The Lagos State Traffic Management Agency (LASTMA) has returned with very heavy sanctions for defaulting motorists.
Governor Babajide Sanwo-Olu, who sad that transportation and road rehabilitation were central to his agenda, has restored security backups and towing vans for traffic law enforcement operations.
The new governor also signed the traffic-related Lagos Neighbourhood Safety Agency amended bill into law, and psyched up the officers with a 100 per cent increase of monthly hazard allowance.
The increase is said not to be on salary but hazard allowance, wherein junior officers earn N5,000, and senior officers earn N10,000 monthly, will now double by July.
Previously, traffic offenders face sanctions ranging from N5,000 fine to N50,000, jail terms and forfeiture of vehicles — However, the new administration has introduced a severe penalty of N200,000 for one-way offence.
Traffic offenses that didn’t have any monetary penalties now attract fines of between N20,000 to N90,000.
For example, offences like failure to use seat belt, unclosed doors or standing on the doorway while in motion, will henceforth attract a fine of N20,000 each.
Offences such as parking on the highway, obstructing traffic, picking or dropping passengers on illegal bus-stop wi now carry a N50,000 fine.
Reversing on the highway, driving on kerbs and parking on walkways now attract N50,000 penalty while driving on BRT designated lanes attract fine tit be tune of N70,000.
Motorists who drop passengers on laybys will pay up to N90,000 fine. And for every night a seized vehicle spends in the custody of LASTMA, a N1,000 fine is paid.
These severe penalties are part of the initiative of the LASTMA hierarchy, “to ensure that apprehended violators do not easily get out of the offence, unlike before. The law says we should impound a vehicle that drives against traffic, which is the most common traffic offence these days.
“But giving them a fine of N50,000 is like a slap on the wrist. But with N200,000 fine or risk of impounding and being shown on camera during mobile court trial, they will think twice. The essence is deterrence,” The Guardian quoted a top official as saying yesterday.
According to The Guardian observed that the option before a one-way offender, among others, is to appear in court or appeal for out-of-court settlement and submission to fine.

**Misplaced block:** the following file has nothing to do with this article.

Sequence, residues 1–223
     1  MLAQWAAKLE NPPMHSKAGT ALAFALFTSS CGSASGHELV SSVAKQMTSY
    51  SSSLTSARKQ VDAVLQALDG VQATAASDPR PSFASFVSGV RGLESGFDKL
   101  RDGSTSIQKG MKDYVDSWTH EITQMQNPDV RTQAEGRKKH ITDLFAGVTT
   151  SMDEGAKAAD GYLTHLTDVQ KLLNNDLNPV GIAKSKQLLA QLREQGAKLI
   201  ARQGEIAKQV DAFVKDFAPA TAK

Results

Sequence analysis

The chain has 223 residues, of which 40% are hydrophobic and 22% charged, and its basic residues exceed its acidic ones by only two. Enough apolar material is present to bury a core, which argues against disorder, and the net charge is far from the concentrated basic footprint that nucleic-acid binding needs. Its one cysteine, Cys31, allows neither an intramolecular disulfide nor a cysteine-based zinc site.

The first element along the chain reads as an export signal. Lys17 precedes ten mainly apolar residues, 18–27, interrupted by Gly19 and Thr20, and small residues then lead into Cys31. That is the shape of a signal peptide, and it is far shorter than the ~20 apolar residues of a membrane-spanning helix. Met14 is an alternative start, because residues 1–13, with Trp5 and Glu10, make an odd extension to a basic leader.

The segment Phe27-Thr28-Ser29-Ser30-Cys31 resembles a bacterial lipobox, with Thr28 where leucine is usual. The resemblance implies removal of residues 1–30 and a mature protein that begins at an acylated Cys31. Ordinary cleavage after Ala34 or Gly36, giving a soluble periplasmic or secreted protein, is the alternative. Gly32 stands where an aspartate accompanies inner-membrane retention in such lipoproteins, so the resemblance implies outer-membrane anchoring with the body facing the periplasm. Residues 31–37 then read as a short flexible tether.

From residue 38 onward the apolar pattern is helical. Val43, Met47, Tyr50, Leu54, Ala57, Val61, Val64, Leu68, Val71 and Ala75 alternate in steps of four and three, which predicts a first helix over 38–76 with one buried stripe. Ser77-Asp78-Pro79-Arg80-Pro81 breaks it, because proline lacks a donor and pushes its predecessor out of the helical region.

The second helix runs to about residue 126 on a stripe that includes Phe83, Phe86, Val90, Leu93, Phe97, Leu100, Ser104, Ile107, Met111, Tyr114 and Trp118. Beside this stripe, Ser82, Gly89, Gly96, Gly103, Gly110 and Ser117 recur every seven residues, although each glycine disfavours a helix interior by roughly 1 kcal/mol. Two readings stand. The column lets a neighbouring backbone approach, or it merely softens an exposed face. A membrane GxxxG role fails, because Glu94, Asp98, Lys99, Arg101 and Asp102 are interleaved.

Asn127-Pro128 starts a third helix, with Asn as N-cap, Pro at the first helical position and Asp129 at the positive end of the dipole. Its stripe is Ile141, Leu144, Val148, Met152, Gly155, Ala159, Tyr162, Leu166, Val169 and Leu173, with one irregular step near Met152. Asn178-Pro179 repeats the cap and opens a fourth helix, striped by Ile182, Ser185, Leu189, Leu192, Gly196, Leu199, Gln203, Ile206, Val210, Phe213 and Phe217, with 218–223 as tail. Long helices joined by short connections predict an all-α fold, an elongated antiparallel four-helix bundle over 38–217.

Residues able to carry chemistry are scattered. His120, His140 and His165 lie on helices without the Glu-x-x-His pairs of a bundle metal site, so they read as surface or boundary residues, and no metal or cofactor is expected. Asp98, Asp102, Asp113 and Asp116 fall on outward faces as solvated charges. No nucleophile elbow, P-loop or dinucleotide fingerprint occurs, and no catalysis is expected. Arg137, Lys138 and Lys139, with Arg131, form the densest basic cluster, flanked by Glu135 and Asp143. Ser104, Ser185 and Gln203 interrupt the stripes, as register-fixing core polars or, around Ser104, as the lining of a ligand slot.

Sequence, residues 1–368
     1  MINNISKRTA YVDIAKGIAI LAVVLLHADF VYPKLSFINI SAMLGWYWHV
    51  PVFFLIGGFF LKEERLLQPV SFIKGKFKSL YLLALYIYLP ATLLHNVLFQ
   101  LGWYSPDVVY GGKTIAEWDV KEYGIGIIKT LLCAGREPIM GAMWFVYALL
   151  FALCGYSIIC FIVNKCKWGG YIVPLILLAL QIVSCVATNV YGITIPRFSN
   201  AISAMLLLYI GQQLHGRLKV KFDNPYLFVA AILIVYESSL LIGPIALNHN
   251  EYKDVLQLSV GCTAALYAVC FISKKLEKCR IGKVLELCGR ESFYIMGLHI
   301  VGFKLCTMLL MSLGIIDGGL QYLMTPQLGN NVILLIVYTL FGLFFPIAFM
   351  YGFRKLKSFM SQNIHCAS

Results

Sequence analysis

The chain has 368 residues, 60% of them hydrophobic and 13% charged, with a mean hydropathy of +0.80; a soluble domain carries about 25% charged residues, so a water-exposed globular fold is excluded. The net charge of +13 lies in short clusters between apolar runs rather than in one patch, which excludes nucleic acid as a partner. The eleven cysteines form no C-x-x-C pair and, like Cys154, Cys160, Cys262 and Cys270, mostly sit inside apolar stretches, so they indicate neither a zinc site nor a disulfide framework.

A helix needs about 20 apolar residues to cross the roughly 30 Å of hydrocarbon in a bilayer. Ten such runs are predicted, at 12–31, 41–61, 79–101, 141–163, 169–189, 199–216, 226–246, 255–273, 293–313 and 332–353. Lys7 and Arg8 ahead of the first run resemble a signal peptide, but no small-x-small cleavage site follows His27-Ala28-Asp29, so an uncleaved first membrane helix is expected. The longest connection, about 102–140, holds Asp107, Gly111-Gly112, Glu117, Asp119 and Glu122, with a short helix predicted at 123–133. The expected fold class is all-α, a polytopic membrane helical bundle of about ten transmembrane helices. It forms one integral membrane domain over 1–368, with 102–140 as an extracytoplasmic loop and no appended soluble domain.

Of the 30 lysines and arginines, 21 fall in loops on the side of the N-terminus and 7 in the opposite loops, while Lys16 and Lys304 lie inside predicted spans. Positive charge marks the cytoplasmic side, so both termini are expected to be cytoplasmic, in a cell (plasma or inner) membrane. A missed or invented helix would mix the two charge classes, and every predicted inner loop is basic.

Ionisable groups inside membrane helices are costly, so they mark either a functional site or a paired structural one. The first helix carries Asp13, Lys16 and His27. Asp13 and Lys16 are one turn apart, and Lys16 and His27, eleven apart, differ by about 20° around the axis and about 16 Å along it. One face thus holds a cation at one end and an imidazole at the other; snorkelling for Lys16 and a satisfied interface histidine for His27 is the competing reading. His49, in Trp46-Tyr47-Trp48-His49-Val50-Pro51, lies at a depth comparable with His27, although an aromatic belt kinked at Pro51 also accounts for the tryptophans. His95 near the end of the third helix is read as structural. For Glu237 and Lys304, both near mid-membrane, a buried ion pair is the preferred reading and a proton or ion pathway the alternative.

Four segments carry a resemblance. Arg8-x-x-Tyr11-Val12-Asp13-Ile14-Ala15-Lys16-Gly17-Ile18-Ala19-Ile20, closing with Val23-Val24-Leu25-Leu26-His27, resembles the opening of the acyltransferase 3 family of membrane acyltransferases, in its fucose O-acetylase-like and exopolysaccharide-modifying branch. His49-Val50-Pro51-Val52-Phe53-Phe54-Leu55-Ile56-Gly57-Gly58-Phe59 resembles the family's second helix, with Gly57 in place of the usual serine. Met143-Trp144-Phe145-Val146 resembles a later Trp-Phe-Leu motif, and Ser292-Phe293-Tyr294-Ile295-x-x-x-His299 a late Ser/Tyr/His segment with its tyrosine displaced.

The “lesser evil” of fine requires the one-way violator to sign an undertaken, pleading guilty to other lesser traffic offences, but not one-way. The violator would later realise that the penalty for the lesser offences all summed to about N200,000.
The mobile court option is not any better. It goes with a court bond of between N100,000 to N150,000 initial fine payable by a violator who is still on trial. With the bond paid, the offender’s vehicle is released but must keep appearing in court till the case is closed.
A court last week ordered two offenders to forfeit vehicles to the Lagos State government for driving against traffic in Opebi area of the state. A motorist, Afeez Akinleye, said what the new administration has done is to make “one-way offence the most lucrative and the joy of LASTMA officers.
“At every instance now, they are looking out for related one-way offences, including on roads that are not known or clearly marked for such. I agree that no sane person should drive against traffic, but the guiltiest are the law enforcement officers themselves and commercial transporters and motorcyclists, whom they will not arrest.
“Go to places like Mushin, Isolo, Jakande, and Ikotun, one-way traffic is the norm for commercial operators. Yet, LASTMA will leave them and come into residential communities and be making arrests in commando style, claiming one-way offences. Before you know it, they have towed your vehicle away and charged you to court. The governor must look into this exploitation and grand extortion before it is too late,” Akinleye said.
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